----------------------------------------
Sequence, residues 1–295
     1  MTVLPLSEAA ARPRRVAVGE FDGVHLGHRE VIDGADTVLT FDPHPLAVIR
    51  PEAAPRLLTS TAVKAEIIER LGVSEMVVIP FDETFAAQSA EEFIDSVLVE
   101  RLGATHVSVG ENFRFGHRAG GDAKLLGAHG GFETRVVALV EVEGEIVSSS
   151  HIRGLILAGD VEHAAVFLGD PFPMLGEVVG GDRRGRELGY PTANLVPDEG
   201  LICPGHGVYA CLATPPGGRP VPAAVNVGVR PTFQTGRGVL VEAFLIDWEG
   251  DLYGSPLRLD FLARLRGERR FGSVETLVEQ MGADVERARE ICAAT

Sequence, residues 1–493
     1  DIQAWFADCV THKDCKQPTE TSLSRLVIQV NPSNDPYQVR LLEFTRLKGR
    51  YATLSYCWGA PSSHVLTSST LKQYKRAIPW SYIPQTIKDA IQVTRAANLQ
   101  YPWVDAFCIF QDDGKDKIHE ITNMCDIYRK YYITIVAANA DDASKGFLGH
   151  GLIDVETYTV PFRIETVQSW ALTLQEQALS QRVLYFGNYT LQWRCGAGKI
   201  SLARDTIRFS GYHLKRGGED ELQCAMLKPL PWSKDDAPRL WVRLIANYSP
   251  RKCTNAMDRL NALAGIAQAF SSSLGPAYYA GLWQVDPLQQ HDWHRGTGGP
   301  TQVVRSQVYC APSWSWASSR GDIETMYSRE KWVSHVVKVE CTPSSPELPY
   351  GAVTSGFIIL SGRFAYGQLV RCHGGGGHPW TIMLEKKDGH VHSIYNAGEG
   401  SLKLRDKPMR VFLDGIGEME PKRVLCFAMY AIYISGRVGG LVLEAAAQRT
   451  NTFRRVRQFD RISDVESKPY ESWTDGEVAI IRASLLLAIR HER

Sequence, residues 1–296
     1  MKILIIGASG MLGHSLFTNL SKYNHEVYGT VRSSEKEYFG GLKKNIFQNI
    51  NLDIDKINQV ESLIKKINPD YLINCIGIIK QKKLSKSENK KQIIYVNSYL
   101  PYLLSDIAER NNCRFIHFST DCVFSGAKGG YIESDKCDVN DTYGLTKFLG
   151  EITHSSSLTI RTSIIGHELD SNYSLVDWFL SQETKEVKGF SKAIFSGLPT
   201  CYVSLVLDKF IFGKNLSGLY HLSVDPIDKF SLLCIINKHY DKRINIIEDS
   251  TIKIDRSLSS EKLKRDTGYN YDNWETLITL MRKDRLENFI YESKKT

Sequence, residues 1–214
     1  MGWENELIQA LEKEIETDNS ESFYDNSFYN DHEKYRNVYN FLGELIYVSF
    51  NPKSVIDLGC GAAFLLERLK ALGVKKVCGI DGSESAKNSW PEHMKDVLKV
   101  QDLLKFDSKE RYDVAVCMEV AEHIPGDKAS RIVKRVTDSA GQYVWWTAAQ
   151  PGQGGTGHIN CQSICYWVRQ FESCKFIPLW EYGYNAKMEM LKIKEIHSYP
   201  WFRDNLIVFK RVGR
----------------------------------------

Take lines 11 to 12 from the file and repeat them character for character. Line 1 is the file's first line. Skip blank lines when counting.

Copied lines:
   101  YPWVDAFCIF QDDGKDKIHE ITNMCDIYRK YYITIVAANA DDASKGFLGH
   151  GLIDVETYTV PFRIETVQSW ALTLQEQALS QRVLYFGNYT LQWRCGAGKI